the joe lovano dozen

In anticipation of Saturday’s concert at the Singletary Center for the Arts by Grammy winning saxophonist, composer, bandleader and all around jazz man Joe Lovano, we offer this ‘get acquainted package’ – a 12 pack of essential Lovano recordings. The first six come from Lovano’s immensely prolific catalog on Blue Note Records. The rest are collaborative projects where Lovano’s presence on saxes and woodwinds are no less profound. Together they form the foundation of one of the most creatively fruitful jazz careers of our generation.

Out in front. Six critic’s picks from Joe Lovano’s expansive Blue Note Records discography.

+ Joe Lovano with Gunther Schuller: Rush Hour (1995) – Drawing on material by Duke Ellington, Ornette Coleman, Charles Mingus and himself, Lovano teams with conductor and Third Stream pioneer Schuller for a variety of orchestral and chamber adventures.

+ Joe Lovano Trio: Trio Fascination – Edition One (1998) – A sumptuous sampler of trio tunes, from the hushed soul of Ghost of a Chance to the spacious swing of 4 on the Floor – all cut with the extraordinary bassist Dave Holland and the late, great Elvin Jones on drums.

+ Joe Lovano Nonet: 52nd Street Dreams (2000) – Utilizing an effortlessly warm and spirited tenor sax sound, Lovano fires up his Grammy winning nonet for a repertoire that leaps from Miles Davis to George Gershwin with spry arrangements by Willie “Face” Smith.

+ Joe Lovano Street Band: Viva Caruso (2002) – Jazz meets Pagliacci? A tropical tenor sax take on Santa Lucia? Such are the delights when Lovano tackles the repertoire of opera icon Enrico Caruso for a toast “from one great Italian tenor to another.”

+ Joe Lovano and Hank Jones: Kids (2007) – The ageless Hank Jones almost steals the show here. But Lovano creates intimate and animated dialogue with the pianist on this live recording of tunes by Rodgers and Hammerstein, Thelonious Monk and more.

+ Joe Lovano Us Five: Folk Art (2009) – A novel quintet lineup of piano, bass and two drummers ignites some of Lovano’s most satisfying compositions. Substitute bassist Cameron Brown for Us Five all-star Esperanza Spalding and you have the band that plays the Singletary on Saturday.

 On the side. Six sterling recordings featuring Lovano in a supporting and/or collaborative role.

+ John Scofield Quartet: Time On My Hands (1990) – Arguably the finest of Lovano’s recordings with guitarist Scofield (well, 1991’s Meant To Be and 1993’s What We Do were pretty cool, too). Bassist Charlie Haden and drummer Jack DeJohnette round out the fun.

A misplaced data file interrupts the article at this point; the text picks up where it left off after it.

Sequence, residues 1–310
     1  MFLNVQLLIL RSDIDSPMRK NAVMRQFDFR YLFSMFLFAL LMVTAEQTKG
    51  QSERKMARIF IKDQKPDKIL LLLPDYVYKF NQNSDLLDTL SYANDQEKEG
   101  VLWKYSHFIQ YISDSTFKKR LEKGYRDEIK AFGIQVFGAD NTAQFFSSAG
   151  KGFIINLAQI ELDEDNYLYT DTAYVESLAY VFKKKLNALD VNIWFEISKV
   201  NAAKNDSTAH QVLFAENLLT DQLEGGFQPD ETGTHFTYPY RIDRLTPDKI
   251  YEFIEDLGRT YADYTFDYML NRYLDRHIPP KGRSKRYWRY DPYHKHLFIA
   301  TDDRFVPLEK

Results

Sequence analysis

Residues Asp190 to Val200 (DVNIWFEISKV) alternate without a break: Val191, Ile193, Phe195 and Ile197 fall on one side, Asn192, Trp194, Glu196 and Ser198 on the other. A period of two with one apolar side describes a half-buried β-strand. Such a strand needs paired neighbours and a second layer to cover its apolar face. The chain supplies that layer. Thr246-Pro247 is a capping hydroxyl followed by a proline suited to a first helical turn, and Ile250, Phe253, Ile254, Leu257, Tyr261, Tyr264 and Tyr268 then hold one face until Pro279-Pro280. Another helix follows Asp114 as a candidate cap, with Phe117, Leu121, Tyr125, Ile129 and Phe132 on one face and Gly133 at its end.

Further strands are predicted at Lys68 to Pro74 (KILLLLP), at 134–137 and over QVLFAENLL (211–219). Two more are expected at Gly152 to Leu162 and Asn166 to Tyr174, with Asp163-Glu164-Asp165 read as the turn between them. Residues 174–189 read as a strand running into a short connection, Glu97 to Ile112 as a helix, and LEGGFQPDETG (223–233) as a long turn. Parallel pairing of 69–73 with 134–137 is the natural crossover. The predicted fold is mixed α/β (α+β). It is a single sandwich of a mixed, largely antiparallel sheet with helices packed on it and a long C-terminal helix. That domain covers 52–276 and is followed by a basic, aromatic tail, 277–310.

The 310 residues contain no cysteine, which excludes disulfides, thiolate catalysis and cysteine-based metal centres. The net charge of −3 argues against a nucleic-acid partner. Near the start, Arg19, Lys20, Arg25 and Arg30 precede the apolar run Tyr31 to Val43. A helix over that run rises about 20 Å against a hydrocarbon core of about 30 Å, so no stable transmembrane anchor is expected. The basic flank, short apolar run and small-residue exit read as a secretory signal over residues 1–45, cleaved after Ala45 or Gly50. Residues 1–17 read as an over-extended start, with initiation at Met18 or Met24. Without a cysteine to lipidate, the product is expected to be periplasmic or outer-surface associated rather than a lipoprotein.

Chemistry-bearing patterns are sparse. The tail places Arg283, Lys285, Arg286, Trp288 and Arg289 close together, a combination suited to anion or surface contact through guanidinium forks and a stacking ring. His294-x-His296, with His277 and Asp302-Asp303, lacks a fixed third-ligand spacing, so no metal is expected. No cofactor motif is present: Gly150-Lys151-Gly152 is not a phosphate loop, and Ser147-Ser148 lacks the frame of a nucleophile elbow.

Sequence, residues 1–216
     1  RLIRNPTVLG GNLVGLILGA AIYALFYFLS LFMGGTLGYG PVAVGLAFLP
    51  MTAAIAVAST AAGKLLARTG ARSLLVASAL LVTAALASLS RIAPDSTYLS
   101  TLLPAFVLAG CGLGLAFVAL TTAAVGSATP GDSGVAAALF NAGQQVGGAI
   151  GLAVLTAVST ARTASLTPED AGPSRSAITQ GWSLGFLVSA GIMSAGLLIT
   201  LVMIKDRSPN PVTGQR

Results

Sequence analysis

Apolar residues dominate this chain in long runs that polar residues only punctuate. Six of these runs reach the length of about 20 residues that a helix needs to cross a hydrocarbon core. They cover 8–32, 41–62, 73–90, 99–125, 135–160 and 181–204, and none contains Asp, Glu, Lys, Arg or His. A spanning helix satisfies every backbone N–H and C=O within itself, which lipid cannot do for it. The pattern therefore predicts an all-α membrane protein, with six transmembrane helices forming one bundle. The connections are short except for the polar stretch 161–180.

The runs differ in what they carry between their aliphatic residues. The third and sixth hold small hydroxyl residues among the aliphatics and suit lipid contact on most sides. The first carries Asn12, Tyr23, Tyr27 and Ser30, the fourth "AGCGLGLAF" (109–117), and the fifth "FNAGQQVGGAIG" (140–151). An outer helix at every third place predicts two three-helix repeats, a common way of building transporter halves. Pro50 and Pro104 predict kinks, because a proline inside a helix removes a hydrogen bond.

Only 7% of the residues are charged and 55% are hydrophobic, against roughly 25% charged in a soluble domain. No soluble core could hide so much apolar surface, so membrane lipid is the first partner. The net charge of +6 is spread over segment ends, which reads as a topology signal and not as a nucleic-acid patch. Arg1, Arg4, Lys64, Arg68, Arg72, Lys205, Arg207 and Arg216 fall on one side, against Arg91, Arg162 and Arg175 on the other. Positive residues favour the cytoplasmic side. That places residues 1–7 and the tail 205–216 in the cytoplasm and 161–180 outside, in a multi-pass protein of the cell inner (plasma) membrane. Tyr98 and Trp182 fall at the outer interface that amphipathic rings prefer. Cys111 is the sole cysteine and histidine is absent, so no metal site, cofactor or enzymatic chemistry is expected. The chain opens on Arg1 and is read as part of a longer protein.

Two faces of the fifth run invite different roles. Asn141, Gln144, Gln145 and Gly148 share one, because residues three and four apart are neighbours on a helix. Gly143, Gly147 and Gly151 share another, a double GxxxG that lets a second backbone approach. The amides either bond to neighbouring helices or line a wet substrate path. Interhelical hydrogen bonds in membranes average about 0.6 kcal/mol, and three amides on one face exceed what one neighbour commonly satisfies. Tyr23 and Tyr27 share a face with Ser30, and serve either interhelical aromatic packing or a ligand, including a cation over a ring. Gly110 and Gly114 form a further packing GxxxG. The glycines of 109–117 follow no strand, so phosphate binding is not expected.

+ ScoLoHoFo: Oh! (2003) – A wonderfully intimate all-star summit featuring Scofield, Lovano, bassist Dave Holland and drummer Al Foster. The gentle bluesy sparring of Lovano and Scofield on Right About Now typlifies the album’s grand sense of fun.

+ Pat Martino: Think Tank (2003) – Cut six months after Oh!, Think Tank mounts muscular swing from underrated guitar great Martino with help from Lovano, pianist Gonzalo Rubalcaba, bassist Christian McBride and drummer Lewis Nash.

+ Paul Motian/Bill Frisell/Joe Lovano: I Have the Room Above Her (2005) – Drummer Motian’s long running trio with Lovano and guitarist Frisell has never sounded more spacious, warm and mysteriously atmospheric than on this sublime ECM recording.

+ Marc Johnson: Shades of Jade (2005) – Another great ECM outing with bassist Johnson fronting a band that again pairs Lovano with Scofield. But the gorgeous, hushed exchanges between tenor sax and pianist Eliane Elias on Apareceu turns Jade to gold.

+ McCoy Tyner: Quartet (2007) – A live recording led by piano titan Tyner. Hearing Lovano, bassist Christian McBride and drummer Tain Watts navigate the outageously majestic turns of the ‘70s Tyner masterwork Sama Layuca is pure joy.

New route for Macys parade

The Record (Bergen County, NJ) November 24, 2009

The Record (Bergen County, NJ) 11-24-2009 New route for Macys parade Date: 11-24-2009, Tuesday Section: NEWS Column: DID YOU KNOW For the first time since it stepped off in 1924, the Macys Thanksgiving Parade will not march along Broadway. Organizers had to find a new route when Broadway became a pedestrian zone, which prohibits floats and other vehicles.

First called the Macys Christmas Parade, the extravaganza started on 145th Street and made its way six miles down to Herald Square. For the first few years, animals from the Central Park Zoo were featured. site macys printable coupons

By 1927, Macys volunteers towed the first helium-filled balloons, which included Felix the Cat and were released at the end of the parade. They burst on the sharp edges of the New York skyline, so they were made stronger the following year. go to web site macys printable coupons

Since then, colossal replicas of cartoon and action characters have floated through skyscrapers, annually delighting 3 million spectators lining the streets.

A new sailor Mickey Mouse will appear this year, 75 years after his debut.

Floats were introduced in 1969 and are still made in a former Tootsie Roll factory in Hoboken. The floats, which can be up to 40 feet tall, fold up for the trip through the Holland Tunnel on Wednesday evening and are reassembled during the night on the Manhattan side.

The parade route was shortened in 1946 the first year it was televised locally to the popular Broadway path. It went on national television the following year and has since built an audience of 44 million viewers.

Illustrations/Photos: ***



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